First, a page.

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The Center for Housing Policy’s publications cover a range of topics, programs and policies related to the broad goal of identifying and meeting the nation’s housing challenges.
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All together, FHA, Fannie Mae, and Freddie Mac hold an REO inventory of over 92,000 homes upon which they have foreclosed. Housing markets across the country remain fragile, and many are burdened by large numbers of distressed homes for sale. In a laudable effort, FHFA and HUD have asked for ideas via a Request for Information (RFI) on how to dispose of that inventory. Therefore, the undersigned members of the Foreclosure Prevention and Neighborhood Stabilization Task Force offer several principles in response to the RFI to ensure that creative strategies to deal with the REO inventory protect and strengthen foreclosure-impacted neighborhoods.
The construction of affordable housing provides clear benefits for families whose wages aren’t sufficient to afford market-rate housing. But research shows that affordable housing development also drives local economic growth. This fact sheet summarizes the different ways in which subsidized rental housing can contribute to rising employment and economic recovery.
Building and expanding a fixed rail public transit system is a considerable undertaking for any metropolitan region. Investments on this scale, which can run in the billions of dollars, certainly reshape how people move throughout a region, but their impacts do not end at the turnstile. For residents and businesses that place importance on accessibility, such investments can also essentially redistribute the value of location within a region, making a place more or less desirable than before simply because of its proximity to the transit system. And as we know, a residential location’s value is best reflected in how much people are willing to pay to live there.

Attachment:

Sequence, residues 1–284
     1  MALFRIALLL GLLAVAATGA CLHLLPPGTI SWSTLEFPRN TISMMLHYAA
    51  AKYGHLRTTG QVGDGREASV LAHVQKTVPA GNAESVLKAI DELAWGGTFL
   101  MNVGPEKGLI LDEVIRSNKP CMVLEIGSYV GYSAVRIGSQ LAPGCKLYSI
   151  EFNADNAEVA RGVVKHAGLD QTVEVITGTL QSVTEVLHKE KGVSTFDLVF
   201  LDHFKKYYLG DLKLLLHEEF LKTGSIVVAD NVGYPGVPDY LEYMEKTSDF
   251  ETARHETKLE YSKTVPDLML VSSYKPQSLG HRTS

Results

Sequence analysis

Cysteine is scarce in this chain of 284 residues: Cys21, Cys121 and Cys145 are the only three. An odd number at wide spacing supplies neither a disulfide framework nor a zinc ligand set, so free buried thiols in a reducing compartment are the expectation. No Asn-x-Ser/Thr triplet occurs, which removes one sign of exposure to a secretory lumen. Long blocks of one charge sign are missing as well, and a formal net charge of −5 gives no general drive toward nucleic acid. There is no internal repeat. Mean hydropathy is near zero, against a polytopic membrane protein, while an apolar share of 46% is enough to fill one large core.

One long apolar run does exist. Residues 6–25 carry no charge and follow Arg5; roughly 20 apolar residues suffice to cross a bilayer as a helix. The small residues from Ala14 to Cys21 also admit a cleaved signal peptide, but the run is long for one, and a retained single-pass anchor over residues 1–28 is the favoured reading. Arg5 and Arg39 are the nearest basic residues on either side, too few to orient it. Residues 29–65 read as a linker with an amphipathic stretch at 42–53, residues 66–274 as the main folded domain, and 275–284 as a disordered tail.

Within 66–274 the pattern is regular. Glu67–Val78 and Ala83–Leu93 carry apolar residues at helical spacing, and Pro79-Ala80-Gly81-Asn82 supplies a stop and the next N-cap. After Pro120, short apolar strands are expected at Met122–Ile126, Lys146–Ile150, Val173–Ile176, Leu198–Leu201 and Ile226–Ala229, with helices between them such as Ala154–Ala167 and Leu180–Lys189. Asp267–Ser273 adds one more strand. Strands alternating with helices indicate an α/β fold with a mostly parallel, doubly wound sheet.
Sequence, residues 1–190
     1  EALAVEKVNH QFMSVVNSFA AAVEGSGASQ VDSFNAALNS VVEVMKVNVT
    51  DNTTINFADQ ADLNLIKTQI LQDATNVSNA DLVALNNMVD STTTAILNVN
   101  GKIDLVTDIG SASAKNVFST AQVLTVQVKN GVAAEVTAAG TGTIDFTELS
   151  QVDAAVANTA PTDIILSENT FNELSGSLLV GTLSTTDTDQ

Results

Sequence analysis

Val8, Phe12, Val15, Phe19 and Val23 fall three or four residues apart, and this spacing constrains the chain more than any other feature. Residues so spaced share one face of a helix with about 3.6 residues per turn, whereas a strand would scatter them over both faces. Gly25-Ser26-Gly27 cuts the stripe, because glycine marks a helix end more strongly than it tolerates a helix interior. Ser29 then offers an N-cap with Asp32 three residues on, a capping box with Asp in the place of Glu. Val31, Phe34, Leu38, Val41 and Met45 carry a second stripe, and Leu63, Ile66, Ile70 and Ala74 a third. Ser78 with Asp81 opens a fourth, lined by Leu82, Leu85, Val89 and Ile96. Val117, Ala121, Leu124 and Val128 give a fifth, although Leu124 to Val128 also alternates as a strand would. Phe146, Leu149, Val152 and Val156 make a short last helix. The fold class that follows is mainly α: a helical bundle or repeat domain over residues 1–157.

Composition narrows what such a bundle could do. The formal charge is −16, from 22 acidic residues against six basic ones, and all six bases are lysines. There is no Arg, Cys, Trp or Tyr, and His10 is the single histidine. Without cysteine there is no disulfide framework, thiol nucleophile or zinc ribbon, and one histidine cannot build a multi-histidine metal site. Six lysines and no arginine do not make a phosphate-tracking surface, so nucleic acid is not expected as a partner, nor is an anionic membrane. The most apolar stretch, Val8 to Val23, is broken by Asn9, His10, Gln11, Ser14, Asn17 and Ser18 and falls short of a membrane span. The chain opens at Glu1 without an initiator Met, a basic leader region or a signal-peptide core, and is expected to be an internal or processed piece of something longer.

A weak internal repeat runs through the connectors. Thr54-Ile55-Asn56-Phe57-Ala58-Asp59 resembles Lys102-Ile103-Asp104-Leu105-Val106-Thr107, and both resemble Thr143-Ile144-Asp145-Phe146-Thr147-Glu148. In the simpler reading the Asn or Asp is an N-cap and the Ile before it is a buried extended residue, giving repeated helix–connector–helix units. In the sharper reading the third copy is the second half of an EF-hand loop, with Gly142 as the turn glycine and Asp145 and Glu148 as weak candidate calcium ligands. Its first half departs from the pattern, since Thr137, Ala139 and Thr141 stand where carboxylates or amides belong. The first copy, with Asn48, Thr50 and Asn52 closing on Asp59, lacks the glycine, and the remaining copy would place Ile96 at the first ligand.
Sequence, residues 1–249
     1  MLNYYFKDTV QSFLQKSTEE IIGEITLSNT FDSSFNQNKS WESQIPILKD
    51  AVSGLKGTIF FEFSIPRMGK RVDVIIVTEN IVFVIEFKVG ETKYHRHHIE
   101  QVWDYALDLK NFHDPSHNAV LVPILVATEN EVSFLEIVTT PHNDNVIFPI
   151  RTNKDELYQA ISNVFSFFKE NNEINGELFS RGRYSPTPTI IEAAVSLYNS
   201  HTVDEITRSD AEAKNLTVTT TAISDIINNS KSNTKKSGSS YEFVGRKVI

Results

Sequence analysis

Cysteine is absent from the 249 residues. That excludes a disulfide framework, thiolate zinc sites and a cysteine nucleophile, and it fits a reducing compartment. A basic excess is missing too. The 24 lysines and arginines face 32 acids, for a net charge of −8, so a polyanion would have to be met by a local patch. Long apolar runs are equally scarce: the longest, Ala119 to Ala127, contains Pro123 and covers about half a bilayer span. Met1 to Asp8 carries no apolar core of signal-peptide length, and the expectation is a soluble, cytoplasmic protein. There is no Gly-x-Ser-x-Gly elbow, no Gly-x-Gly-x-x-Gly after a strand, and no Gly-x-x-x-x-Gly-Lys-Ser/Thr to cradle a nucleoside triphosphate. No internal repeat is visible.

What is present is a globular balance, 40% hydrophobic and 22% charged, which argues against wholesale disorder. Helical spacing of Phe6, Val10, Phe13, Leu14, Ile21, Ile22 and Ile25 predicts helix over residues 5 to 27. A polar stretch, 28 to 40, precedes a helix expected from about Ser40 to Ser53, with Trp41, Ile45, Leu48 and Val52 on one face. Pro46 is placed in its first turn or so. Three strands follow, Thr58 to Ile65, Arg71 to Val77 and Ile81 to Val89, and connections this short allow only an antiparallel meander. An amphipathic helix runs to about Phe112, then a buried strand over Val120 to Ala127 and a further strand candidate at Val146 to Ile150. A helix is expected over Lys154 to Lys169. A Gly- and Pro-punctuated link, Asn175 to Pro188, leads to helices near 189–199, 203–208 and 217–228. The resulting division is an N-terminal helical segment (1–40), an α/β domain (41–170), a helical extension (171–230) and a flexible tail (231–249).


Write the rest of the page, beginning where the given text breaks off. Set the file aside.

Drawing on literature reviews published by the Center for Housing Policy in January 2011, this Planning Commissioners’ Journal article outlines the various ways in which affordable housing can create jobs, increase tax revenues, and generally foster economic growth. The article also includes an overview of several effective state and local strategies for developing affordable housing.
In the United States, housing assistance is not an entitlement. Despite annual federal expenditures in excess of $30 billion for housing subsidies distributed to roughly 4.8 million households, millions of eligible families with low incomes and high housing costs do not receive any support. Some families have applied for assistance from their local housing authorities but must wait for their names to come to the top of the list; others have not applied but may pay large shares of their income for rent, reducing available funds for basic necessities, such as food and health care. To ensure that our limited federal housing resources are available to assist as many families as possible, we should be actively searching for innovative ways to encourage existing subsidy recipients to build assets and make progress toward economic security. By helping families take advantage of the stability that federally-subsidized housing provides as a foundation for income and asset growth, we can free up existing housing subsidies for other families in need.